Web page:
ATHENS, Ga. -- Amid all the injuries, inconsistent play and simply not measuring up at times, Missouri almost looked out of place in its first season in the SEC.
But that was then, and this is now.
The Tigers, unbeaten and grinding away, look right at home in Season No. 2 and delivered their most convincing statement yet Saturday that they’re going to be anything but a punching bag in this league.
Their 41-26 victory over No. 7 Georgia was impressive on a couple of fronts.
For one, it was their second road win in the conference in as many weeks, and they did it with two of their best players on the bench in the fourth quarter.
Quarterback James Franklin separated his shoulder, an injury that could keep him sidelined for the remainder of the regular season. Cornerback E.J. Gaines was already on the bench with a strained quad after leaving the game in the second quarter.
Not only that, but all the momentum had shifted back to Georgia after the Bulldogs cut a 28-10 halftime deficit to two points early in the fourth quarter.
Sanford Stadium was roaring, and it was fair game to wonder how the Tigers would respond, especially after seeing the way things unraveled a year ago.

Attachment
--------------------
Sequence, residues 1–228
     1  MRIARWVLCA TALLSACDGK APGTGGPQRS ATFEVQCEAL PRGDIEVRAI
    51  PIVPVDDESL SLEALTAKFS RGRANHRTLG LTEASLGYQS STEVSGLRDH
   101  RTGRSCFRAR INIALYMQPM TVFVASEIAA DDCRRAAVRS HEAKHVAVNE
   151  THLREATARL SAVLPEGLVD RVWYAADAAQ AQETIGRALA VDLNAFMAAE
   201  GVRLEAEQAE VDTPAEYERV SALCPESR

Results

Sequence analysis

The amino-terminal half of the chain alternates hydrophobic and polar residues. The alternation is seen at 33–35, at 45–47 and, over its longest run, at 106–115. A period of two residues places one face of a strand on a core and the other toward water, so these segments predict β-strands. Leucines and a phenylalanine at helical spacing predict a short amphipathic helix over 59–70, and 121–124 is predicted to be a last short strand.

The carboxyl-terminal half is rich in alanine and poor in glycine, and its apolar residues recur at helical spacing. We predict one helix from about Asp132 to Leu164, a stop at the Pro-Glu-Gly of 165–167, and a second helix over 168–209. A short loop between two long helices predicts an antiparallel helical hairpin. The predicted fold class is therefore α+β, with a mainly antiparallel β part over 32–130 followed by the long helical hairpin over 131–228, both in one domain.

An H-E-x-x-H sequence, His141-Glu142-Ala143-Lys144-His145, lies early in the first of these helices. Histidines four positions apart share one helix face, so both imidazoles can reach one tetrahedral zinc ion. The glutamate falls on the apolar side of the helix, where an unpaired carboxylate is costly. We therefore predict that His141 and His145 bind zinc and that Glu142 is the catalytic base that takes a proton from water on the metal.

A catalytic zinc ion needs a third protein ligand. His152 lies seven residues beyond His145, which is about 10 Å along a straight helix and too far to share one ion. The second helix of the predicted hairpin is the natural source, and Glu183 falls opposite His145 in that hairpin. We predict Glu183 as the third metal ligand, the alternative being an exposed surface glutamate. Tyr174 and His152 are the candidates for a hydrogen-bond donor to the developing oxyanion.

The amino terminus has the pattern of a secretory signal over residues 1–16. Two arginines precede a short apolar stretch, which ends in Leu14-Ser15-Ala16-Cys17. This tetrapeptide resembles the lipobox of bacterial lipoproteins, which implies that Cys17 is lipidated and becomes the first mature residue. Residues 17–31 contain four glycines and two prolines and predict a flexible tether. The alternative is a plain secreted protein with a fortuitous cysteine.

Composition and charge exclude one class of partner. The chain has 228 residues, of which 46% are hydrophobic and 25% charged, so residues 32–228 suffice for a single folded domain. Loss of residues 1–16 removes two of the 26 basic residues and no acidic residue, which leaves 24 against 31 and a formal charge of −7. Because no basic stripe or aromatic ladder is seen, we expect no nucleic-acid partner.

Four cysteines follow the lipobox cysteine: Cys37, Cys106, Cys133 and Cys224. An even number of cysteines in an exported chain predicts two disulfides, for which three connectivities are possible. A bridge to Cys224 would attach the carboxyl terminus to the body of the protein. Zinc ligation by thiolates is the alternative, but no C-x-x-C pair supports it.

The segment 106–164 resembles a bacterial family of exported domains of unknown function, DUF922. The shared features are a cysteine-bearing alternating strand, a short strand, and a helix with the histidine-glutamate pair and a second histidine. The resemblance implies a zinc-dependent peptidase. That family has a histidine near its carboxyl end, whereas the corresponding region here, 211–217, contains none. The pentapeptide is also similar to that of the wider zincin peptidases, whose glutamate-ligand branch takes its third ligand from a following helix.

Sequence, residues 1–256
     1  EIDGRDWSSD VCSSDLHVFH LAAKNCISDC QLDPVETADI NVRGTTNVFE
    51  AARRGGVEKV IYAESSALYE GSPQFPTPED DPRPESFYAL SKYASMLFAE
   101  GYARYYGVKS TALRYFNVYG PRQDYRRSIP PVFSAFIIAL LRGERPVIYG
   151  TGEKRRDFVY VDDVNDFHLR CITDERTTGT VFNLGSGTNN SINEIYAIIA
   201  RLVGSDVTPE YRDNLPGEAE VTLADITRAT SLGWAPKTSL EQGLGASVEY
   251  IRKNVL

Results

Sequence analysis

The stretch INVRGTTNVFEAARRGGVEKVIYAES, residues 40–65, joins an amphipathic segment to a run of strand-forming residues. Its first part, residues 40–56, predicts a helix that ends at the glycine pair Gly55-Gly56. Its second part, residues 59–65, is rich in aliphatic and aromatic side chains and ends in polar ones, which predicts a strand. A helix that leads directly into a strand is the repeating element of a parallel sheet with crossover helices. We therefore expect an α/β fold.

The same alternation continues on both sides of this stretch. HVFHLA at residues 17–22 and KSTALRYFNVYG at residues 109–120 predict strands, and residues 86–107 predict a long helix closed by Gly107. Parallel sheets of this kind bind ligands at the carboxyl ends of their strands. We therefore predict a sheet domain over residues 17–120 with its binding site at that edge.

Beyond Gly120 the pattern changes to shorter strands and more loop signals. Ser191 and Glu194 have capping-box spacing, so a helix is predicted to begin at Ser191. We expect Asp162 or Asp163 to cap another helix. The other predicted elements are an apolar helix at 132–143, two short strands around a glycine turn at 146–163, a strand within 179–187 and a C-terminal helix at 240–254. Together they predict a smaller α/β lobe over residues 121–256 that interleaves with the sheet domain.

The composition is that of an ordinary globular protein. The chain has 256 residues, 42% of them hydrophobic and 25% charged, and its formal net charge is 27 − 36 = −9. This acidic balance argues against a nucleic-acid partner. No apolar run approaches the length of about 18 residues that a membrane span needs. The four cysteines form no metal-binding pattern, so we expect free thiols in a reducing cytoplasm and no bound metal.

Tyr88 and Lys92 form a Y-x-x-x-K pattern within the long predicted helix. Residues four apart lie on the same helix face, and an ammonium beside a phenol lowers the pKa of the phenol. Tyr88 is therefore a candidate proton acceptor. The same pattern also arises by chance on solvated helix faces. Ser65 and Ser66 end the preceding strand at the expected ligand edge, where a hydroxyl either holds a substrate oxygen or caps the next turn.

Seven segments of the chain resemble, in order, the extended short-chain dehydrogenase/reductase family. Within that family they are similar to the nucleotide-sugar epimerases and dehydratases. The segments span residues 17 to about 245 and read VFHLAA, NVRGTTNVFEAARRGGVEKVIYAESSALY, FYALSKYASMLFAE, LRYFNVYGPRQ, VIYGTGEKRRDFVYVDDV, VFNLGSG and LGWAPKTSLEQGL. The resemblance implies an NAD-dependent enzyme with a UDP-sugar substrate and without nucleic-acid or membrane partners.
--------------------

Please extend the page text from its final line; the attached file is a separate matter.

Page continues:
“These guys battle, man. They've got a lot of heart and believe in each other,” Missouri coach Gary Pinkel said. “Our leadership has been great, and it’s a special group of guys. I don’t know how the next half of the season is going to turn out, but these guys are a special group of guys.
“It’s going to be exciting.”
With redshirt freshman Maty Mauk filling in for Franklin, the Tigers turned to a little trickery three plays after their senior quarterback went to the sideline.
Offensive coordinator Josh Henson called for a throwback pass with Mauk lateraling the ball to Bud Sasser, who threw one up in the end zone that L’Damian Washington showed his hops on and pulled in for a 40-yard touchdown.
“The corner was biting all day on the bubble,” Washington said. “I told Bud, ‘You can count on [No.] 2.'"